The Psychology of Walking

Or   Walk This Way


This is based entirely on a workshop session that was run by a friend of mine, so all is attributed to him; though I'm not sure what his original source was. The rest of this is my own theory and speculation.

If you are a naturally observant person (or just very, very bored) you may have noticed something about the way we walk. In a crowded setting, when two people walk directly at one another, a miniature game of "mental chicken" occurs and one person will give way to the other. What I found really interesting is that this process isn't random: certain people give way most of the time and certain people just don't.

This is what I learnt in the workshop: people that exude an aura of confidence rarely have to give way. If you strut, people will recognise this and part like the red sea. All you have to do is walk upright, keep your back straight, chin up, eyes front and think confidence. Personally, I've noticed that I fall into the group of people that give way, despite being a bit physically imposing. It's my personality: I'm not naturally very confident or extroverted and I dislike drawing attention to myself -- hence I sidestep and give way in such situations.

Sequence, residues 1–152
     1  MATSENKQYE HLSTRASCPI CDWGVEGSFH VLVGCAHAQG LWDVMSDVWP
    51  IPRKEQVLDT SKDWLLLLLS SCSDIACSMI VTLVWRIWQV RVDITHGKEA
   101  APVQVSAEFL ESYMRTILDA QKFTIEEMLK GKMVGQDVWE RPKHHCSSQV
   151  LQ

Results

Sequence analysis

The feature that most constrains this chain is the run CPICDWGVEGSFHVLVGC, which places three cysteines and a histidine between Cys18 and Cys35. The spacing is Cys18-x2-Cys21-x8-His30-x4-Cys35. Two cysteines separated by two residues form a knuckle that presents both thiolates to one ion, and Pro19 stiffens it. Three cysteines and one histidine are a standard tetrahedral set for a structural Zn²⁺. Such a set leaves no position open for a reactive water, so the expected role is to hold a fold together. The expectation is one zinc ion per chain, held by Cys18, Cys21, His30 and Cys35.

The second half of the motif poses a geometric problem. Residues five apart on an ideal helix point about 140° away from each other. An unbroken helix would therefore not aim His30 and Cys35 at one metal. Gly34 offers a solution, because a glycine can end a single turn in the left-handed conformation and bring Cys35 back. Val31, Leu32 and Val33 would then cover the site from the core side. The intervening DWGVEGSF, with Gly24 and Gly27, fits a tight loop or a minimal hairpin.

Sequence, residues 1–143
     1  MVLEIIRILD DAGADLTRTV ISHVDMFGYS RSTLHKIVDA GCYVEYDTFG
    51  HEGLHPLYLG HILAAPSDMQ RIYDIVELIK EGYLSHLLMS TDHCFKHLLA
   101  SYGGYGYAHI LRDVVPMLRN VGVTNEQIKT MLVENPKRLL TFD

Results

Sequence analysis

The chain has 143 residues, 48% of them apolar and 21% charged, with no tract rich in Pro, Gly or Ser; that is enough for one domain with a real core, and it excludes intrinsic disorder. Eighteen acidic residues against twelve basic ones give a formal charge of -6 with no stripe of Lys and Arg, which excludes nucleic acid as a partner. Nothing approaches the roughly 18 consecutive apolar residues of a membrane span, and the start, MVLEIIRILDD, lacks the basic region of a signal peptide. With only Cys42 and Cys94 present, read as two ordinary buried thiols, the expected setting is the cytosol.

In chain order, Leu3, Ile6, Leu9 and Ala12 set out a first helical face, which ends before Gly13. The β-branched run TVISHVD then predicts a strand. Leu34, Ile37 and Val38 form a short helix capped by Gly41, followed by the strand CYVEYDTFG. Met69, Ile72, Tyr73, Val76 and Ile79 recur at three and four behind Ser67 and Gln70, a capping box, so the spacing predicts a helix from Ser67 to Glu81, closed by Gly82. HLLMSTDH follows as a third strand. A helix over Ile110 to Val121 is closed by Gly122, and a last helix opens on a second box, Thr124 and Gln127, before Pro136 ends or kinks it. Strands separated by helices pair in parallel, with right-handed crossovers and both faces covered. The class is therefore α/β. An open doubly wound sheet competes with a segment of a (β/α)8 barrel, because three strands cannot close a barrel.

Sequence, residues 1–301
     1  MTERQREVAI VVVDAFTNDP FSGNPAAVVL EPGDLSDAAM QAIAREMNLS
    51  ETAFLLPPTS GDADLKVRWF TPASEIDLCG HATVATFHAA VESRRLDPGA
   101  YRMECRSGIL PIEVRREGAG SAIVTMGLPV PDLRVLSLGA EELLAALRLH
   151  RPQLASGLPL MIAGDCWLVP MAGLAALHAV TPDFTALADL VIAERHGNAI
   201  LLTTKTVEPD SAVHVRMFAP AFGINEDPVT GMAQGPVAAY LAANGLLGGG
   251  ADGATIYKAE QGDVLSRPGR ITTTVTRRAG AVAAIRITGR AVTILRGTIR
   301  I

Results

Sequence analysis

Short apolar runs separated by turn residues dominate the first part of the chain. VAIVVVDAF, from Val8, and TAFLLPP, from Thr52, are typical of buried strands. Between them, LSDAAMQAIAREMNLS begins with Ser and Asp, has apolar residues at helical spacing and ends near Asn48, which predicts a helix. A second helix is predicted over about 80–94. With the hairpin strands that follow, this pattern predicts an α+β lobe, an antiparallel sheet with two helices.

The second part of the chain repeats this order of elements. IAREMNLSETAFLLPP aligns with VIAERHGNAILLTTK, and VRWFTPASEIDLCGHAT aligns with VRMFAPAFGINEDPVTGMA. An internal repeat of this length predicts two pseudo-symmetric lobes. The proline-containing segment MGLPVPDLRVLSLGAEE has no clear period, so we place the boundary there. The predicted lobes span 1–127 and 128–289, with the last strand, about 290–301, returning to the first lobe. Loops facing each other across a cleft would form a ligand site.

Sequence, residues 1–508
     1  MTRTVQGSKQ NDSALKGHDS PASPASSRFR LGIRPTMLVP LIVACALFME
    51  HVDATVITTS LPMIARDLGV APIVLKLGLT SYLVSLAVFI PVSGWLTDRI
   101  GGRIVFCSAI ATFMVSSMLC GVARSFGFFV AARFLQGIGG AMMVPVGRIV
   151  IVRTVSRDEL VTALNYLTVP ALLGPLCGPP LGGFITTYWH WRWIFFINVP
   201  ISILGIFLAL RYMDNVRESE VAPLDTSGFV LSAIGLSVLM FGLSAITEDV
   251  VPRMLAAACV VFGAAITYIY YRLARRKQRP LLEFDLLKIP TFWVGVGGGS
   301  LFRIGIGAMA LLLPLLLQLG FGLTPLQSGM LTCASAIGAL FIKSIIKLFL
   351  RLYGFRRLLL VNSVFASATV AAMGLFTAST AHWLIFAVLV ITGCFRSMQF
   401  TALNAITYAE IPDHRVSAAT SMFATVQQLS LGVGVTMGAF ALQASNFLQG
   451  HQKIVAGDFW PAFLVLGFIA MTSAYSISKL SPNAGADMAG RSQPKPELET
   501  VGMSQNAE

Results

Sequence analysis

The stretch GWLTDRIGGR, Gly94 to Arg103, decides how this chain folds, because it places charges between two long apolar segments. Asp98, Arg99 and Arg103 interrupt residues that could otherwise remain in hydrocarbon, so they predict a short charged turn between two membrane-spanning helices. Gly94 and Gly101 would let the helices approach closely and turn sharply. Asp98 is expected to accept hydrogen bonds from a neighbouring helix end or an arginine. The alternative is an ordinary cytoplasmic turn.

It's always possible to change, of course. All you have to do is try to act with confidence, throw caution to the wind, look like you mean it and just walk. I've been making a conscious effort not to give way when I walk, but there seems to be a highly-developed sixth sense that acts like a big neon sign above my head, proclaiming: "This guy will give way!" So far, I've bumped into about seventeen people in the street, just because I kept walking when they thought that I'd move. I obviously look like someone who'll give way but then surprise the crap out of them when I don't: it screws up their waydar. Sooner or later, you build up a "don't fuck with me" aura and can stride through pretty much anything. I'm still nursing a very bruised shoulder, though, so I suggest you practice before attempting to walk through walls.

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